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Family of little girl with Klumpke’s palsy still seeking SSI

On Behalf of | Nov 8, 2013 | Supplemental Security Income (SSI) | 0 comments

Many children with conditions such as cerebral palsy and Erb’s palsy will require therapy, medical treatment and in-home assistance for the rest of their lives, and parents whose children have these conditions sometimes have to apply for Supplemental Security Income to make ends meet.

The maximum monthly payment for SSI is $710, and according to federal data, about 60 percent of children who apply are denied those benefits. In fact, the criteria for receiving SSI payments, which are available to people who have little or no work history, are very strict, though many mainstream media sources would lead you to believe otherwise.

Atlanta residents with disability concerns will be moved by the story of one little girl whose parents have been denied SSI benefits three times, despite the little girl’s being diagnosed with a rare condition called Klumpke’s palsy.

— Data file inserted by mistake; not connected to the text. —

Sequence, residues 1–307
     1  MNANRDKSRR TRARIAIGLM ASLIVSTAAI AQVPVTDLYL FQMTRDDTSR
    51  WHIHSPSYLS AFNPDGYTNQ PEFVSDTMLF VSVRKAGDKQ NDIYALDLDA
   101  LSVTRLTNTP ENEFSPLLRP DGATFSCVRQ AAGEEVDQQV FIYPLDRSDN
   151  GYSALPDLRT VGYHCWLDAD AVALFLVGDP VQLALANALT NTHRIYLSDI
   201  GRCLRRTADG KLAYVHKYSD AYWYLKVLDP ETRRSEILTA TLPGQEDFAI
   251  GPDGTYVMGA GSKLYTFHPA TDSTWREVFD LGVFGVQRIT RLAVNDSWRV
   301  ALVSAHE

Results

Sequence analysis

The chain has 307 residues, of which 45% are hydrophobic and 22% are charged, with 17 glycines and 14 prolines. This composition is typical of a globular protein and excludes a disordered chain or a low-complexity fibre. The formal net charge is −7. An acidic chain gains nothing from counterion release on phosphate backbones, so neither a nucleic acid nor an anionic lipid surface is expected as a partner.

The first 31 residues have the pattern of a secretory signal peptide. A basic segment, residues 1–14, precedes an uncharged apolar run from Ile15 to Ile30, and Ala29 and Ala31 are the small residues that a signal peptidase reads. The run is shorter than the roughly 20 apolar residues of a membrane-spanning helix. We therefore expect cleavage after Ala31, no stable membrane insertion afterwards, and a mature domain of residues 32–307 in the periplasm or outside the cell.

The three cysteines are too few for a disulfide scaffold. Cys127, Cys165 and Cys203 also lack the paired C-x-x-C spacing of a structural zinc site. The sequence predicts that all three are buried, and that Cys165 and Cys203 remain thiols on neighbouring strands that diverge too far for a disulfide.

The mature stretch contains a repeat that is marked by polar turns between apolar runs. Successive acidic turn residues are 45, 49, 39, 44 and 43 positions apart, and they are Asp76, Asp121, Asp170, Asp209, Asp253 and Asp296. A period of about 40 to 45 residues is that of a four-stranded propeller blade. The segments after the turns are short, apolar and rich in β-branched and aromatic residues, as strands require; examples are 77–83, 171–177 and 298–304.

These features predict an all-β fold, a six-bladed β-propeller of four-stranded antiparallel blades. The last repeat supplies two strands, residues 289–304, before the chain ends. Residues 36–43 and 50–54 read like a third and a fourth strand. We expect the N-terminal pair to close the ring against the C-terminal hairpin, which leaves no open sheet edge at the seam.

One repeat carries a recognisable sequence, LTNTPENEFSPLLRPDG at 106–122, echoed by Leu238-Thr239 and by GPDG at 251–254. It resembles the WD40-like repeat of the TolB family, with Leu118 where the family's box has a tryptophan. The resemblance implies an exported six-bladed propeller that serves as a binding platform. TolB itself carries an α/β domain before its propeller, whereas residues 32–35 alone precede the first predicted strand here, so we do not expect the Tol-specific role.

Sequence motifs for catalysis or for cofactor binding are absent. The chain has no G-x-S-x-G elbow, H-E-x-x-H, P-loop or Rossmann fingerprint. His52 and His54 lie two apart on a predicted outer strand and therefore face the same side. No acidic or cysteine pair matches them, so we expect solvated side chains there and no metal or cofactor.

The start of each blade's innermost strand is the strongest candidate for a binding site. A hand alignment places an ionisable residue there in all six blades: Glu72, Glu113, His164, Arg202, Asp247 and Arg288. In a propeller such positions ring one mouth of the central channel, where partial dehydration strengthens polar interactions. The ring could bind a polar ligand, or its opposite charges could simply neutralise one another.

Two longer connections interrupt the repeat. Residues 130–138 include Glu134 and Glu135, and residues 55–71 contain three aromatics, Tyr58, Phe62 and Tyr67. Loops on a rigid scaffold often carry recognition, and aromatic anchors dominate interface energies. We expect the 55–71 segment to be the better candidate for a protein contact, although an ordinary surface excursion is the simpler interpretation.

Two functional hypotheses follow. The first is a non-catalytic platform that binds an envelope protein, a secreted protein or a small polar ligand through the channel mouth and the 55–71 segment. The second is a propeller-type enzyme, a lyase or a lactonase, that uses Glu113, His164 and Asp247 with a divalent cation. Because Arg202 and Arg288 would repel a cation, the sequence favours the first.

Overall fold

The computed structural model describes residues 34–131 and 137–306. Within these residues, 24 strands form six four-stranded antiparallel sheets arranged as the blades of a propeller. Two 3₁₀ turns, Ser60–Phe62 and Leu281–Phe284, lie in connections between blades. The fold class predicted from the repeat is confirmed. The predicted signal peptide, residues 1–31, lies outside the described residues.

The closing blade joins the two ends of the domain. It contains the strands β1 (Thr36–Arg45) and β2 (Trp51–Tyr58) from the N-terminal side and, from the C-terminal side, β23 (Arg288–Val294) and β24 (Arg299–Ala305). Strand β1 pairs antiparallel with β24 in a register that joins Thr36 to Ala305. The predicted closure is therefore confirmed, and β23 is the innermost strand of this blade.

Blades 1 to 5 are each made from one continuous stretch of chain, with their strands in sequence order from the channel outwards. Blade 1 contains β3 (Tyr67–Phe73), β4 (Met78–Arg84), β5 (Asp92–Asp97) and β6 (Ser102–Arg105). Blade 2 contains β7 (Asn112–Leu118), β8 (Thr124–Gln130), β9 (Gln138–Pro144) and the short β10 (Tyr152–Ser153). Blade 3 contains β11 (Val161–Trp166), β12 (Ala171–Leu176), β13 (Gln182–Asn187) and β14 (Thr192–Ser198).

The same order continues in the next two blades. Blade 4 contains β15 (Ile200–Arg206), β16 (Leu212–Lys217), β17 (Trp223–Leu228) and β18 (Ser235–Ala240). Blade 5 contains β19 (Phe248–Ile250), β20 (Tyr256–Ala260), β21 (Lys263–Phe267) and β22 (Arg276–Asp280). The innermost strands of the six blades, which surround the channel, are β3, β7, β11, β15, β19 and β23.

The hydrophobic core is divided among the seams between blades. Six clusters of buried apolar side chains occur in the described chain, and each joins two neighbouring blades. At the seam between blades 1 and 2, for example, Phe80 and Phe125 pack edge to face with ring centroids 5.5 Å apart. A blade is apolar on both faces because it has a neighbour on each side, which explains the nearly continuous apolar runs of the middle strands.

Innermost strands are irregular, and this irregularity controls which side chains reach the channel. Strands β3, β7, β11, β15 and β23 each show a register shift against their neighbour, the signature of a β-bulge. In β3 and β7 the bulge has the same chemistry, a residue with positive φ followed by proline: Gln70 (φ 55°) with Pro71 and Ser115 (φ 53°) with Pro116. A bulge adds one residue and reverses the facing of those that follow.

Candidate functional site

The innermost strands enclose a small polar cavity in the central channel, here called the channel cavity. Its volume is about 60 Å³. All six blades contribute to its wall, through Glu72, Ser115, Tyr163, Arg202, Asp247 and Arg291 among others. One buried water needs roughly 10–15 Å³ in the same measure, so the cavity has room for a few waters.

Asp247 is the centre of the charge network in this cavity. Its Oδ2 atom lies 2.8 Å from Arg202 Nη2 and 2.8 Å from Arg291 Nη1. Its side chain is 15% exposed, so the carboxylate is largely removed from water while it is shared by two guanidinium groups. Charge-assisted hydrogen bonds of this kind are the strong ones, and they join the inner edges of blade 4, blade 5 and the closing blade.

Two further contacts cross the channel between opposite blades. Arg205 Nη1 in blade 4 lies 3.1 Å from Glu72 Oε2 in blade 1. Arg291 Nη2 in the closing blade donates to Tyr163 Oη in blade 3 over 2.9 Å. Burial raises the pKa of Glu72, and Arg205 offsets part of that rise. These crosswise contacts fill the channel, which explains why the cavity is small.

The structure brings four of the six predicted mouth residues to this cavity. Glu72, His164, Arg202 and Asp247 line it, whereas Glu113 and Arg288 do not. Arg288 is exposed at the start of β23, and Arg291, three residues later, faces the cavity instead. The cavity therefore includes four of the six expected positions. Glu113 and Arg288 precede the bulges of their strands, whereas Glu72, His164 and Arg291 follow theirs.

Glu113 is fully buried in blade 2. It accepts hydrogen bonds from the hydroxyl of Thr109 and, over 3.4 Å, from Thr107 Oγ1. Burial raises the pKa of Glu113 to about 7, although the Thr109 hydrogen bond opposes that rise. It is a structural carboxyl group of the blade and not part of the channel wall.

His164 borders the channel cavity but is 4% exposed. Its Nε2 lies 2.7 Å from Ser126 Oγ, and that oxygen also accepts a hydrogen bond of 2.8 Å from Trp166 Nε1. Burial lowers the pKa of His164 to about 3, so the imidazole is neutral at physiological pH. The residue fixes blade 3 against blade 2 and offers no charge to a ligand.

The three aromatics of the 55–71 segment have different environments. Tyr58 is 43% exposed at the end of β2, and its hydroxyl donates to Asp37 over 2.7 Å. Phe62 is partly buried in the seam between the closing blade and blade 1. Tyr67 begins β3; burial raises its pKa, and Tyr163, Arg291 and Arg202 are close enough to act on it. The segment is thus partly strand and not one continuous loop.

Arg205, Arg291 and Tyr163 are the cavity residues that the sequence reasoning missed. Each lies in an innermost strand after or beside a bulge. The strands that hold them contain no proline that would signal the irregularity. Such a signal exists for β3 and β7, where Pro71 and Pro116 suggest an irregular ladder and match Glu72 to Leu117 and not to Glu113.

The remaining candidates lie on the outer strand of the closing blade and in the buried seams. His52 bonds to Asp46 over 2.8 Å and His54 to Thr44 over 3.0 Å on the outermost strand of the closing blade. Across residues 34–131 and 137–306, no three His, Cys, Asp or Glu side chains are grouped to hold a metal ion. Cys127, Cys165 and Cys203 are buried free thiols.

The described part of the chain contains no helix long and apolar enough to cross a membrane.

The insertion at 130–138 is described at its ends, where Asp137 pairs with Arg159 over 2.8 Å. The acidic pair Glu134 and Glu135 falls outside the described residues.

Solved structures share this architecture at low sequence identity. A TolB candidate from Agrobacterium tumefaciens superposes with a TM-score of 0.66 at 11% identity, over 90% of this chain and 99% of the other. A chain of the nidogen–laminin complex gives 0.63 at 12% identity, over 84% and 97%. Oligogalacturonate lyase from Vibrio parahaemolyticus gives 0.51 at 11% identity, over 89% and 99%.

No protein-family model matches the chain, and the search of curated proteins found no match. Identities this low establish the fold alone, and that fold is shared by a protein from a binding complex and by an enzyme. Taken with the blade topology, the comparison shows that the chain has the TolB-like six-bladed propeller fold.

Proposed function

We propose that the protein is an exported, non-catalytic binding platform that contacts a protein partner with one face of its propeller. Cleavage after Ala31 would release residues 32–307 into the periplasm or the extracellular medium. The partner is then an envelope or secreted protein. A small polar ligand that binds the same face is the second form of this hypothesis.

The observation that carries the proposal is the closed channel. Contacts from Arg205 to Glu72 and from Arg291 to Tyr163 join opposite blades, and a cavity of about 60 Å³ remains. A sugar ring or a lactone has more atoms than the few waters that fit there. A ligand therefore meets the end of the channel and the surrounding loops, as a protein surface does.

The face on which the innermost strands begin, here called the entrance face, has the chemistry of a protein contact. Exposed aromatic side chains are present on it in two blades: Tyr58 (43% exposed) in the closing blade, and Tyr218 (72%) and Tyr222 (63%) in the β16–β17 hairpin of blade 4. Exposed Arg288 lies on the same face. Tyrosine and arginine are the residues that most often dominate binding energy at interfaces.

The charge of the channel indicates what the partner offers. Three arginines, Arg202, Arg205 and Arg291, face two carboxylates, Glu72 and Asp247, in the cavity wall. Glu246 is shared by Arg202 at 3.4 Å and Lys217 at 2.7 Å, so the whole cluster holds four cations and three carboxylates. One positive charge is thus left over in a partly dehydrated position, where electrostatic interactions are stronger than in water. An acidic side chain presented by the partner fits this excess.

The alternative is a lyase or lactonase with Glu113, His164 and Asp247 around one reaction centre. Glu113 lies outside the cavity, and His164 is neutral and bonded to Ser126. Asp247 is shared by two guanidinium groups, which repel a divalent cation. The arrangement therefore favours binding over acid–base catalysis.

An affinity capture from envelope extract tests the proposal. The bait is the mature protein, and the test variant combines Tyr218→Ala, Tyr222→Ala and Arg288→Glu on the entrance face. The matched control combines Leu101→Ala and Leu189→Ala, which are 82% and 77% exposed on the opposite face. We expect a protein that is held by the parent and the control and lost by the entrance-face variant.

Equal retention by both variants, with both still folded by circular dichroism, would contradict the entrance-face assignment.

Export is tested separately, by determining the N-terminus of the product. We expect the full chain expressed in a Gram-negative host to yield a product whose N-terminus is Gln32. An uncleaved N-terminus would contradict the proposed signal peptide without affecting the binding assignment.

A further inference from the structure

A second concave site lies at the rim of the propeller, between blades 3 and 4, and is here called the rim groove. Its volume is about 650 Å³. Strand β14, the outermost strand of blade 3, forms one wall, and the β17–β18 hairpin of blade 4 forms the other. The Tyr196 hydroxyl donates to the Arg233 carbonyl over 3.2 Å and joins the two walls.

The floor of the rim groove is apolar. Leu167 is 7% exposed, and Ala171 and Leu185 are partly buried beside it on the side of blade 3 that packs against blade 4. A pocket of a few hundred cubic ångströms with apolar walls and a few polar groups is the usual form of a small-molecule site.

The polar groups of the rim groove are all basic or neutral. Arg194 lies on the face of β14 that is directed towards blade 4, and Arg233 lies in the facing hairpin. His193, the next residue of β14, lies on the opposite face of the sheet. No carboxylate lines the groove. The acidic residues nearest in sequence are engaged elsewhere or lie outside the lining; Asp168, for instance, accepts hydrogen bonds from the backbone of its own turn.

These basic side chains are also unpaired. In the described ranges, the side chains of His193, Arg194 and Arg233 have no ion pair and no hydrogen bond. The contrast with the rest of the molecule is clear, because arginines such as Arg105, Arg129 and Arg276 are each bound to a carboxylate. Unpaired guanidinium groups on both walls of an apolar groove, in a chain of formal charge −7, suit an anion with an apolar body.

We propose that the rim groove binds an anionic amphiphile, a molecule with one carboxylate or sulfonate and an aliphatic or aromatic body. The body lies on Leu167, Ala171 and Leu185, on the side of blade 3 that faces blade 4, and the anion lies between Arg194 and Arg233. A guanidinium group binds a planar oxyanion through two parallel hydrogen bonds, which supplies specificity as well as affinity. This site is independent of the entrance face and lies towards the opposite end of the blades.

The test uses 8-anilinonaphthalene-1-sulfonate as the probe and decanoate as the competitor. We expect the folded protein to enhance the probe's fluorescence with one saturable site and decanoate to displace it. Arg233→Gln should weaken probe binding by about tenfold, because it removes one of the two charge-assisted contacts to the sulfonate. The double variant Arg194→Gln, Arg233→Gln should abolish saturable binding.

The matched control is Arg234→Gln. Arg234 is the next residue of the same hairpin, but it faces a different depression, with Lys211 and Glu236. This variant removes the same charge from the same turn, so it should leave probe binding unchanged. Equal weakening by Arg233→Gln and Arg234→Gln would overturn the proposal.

When the 2-year-old was born, she was forcibly pulled from her mother’s birth canal. The birth injured the little girl, and now her left arm is limp and non-functional. Her mother, who works two jobs at 50 hours a week, says the little girl’s injury makes her unable to put on her shoes, change clothes or climb stairs by herself, and even potty-training is difficult.

On top of all that, the little girl’s father was recently laid off from his job.

The family now has a total income of $17,000, but they were still denied SSI benefits. One requirement for SSI is that a two-parent family can’t have an income two times higher than the established poverty level, which is $19,530 for a three-member family.

In other words, it is unclear why the Social Security Administration has denied this particular family SSI benefits.

Georgia families facing a similar situation may need to seek legal support to get the benefits they need. With so much misleading information going around about disability benefits, it is important for people who need the payments to hear what their options are.

Source:, “Disability of 2-year-old raises questions on federal aid programs,” Alfred Lubrano, Nov. 5, 2013


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